Berkshire Hathaway 1999 Annual Meeting Audience Question # 33

Warren talks about Berkshire’s flight operation subsidiaries

Warren Buffett:

We’ll have one more question then we’ll break for lunch. We’ll go to zone 7. And after this question, we’ll break. We’ll come back in about 45 minutes or so, and those of you… as long as we see that everybody’s gotten served with food in that time… and we’ll… any of those who are offsite or over at the Holiday, I think, there are buses to bring you over, you can drive over, and there’ll be plenty of room here. You can also go out and tour the Boeing business jet. We’ll sell you as little as 50 hours a year, I believe, on it. So, take your wallets at lunch time. Yep?

Audience Member:

Good morning. My name’s Marc Rabinov from Melbourne, Australia.

I was wondering if you could help us out with the flight operations, which are now a large part of Berkshire. I think we’re still putting a lot of capital into them.

I was wondering, you’ve pooled both of them together in the annual report. And I was hoping, perhaps, you could help us out with what return on equity you’re expecting for each of those divisions.

Warren Buffett:

Yeah, the more capital intensive is the flight safety operation. Because every simulator costs real money. And we will add a number of simulators each year.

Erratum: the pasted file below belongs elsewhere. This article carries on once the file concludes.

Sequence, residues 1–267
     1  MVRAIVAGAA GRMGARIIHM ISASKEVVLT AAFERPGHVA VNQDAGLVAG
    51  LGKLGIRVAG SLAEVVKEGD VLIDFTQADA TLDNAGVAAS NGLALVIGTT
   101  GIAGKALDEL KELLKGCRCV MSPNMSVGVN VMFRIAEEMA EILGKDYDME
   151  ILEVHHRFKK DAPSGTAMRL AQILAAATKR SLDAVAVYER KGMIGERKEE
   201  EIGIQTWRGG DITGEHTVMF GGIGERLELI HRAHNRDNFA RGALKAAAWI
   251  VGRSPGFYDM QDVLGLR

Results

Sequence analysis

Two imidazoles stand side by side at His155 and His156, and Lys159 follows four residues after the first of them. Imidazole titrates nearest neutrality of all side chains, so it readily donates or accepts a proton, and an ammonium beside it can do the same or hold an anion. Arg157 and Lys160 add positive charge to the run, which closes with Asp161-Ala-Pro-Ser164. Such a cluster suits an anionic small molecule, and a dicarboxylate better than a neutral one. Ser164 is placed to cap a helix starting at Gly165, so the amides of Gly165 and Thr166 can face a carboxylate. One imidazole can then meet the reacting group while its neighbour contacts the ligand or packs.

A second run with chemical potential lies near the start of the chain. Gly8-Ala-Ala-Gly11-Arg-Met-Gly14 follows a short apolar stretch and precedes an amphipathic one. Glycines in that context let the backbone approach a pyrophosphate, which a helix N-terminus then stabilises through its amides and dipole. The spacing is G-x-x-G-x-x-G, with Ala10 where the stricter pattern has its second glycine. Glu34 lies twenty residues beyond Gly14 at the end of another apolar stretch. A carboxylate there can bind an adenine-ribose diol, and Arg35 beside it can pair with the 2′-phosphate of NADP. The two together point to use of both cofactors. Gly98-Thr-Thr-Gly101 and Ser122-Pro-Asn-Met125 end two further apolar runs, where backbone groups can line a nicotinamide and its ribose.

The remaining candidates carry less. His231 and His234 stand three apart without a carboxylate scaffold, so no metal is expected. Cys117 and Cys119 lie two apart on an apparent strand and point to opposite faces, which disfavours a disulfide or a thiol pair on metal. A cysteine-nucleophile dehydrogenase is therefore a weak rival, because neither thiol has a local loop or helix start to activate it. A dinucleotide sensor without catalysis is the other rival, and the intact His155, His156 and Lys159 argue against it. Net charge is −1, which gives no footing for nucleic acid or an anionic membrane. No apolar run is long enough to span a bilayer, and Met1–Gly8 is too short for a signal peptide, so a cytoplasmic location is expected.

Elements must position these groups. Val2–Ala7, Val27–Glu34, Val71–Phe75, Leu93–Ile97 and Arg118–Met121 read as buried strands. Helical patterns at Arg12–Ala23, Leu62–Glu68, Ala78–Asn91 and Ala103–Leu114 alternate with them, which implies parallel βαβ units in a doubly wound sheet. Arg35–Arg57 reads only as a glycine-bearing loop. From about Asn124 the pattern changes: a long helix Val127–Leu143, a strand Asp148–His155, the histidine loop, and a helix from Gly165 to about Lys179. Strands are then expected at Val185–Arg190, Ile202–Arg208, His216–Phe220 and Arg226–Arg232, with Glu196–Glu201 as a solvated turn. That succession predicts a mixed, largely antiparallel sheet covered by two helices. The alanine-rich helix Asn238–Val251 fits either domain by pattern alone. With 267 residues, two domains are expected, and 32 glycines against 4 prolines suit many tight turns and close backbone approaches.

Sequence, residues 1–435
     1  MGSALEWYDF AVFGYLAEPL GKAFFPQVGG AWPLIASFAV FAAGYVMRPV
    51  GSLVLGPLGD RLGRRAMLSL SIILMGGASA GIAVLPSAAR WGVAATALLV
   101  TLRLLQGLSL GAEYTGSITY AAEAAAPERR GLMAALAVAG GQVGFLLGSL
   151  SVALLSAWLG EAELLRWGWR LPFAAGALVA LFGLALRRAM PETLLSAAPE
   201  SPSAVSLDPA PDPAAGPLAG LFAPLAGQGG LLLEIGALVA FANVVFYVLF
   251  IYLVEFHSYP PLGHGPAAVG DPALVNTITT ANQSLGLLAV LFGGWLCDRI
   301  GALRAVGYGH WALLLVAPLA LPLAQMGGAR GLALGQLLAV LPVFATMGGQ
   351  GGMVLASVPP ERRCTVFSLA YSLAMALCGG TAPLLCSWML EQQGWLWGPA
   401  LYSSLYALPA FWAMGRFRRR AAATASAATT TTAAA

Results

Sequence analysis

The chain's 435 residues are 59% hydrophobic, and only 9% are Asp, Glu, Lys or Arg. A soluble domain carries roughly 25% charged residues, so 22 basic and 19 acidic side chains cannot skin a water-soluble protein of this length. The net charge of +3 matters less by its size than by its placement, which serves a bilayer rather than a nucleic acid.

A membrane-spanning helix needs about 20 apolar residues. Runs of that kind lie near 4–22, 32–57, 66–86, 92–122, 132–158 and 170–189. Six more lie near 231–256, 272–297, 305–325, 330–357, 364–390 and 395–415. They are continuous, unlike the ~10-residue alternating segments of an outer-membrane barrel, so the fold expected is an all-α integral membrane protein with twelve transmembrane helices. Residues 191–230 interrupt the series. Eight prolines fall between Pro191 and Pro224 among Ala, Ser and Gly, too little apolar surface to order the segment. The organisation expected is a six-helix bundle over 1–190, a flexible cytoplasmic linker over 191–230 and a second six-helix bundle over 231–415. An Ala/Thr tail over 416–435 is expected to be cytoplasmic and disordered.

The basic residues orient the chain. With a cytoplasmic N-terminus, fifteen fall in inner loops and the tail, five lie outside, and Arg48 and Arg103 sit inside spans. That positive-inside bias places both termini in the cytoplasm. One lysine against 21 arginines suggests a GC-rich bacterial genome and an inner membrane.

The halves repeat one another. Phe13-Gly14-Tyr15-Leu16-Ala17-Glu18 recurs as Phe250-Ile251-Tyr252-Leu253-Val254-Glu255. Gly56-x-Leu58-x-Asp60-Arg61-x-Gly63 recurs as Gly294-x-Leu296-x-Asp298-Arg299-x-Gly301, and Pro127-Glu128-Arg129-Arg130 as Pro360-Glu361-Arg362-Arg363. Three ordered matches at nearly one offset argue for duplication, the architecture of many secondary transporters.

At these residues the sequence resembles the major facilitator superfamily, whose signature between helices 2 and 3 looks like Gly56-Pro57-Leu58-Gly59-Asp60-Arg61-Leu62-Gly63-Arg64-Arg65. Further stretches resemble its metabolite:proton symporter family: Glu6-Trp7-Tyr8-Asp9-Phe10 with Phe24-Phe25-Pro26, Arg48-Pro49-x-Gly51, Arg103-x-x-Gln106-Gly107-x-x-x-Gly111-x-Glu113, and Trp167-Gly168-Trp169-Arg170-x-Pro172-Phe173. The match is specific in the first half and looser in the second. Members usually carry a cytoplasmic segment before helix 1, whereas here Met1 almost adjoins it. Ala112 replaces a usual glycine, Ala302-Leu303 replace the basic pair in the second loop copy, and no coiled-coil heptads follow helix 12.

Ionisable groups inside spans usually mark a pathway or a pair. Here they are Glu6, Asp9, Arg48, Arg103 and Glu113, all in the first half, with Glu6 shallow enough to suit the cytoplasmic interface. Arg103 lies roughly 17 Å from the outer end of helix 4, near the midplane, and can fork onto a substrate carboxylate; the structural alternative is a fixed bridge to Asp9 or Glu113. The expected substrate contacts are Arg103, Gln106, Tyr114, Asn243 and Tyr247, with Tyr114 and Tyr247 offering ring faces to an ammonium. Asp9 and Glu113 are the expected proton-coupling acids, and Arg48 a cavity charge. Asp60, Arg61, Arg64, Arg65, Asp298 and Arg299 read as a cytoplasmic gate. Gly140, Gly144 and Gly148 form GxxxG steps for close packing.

So, flight safety… you can look at their figures before we acquired them, and it’s reasonable to extrapolate those numbers out on a larger basis… base as we go along.

But flight safety’s return on equity is not going to move up or down by a dramatic amount. I mean, our simulator training prices are related to the cost of the simulator. And so, there’s not going to be way higher returns on equity, nor should there be way lower returns on equity.

There is a growth on the equity employed in the business, because it is a growing business and we’re training more and more pilots every year. But that’ll be a fairly steady thing.

The Executive Jet business is in an earlier part of its development, although it’s the leader in its field, by far. But we’re doing substantial investment spending in a place like Europe. And we’ll be doing that on an accelerated pace, if anything.

In the end, though, our customers end up owning the plane. So, we have an investment in a core fleet of planes, which supplements the customer’s planes.

But by its nature, it’s not a capital-intensive business. We are moving around a lot of capital every day. We’ll have 140 or so customer planes now and an aggregate, you know, just to pick a figure, that those planes are certainly worth a billion and a half or more.

And we’ve got 7 billion of planes on order, or some number like that. But we will sell those planes to our customers. So it could be, down the line, that it will be a business with a very good return on capital.

We’ll still have an investment in the core fleet and we’ll have some facilities… hanger facilities and that sort of thing. But our customers will have the big capital investment.

I should point out, they’ll have a whole lot less capital investment if they own their entire plane themselves. So, they will be getting a bargain as well.

Let’s take off for lunch. And I’ll see you back here in about 45 minutes, those of you who wish to rejoin us. Thank you.

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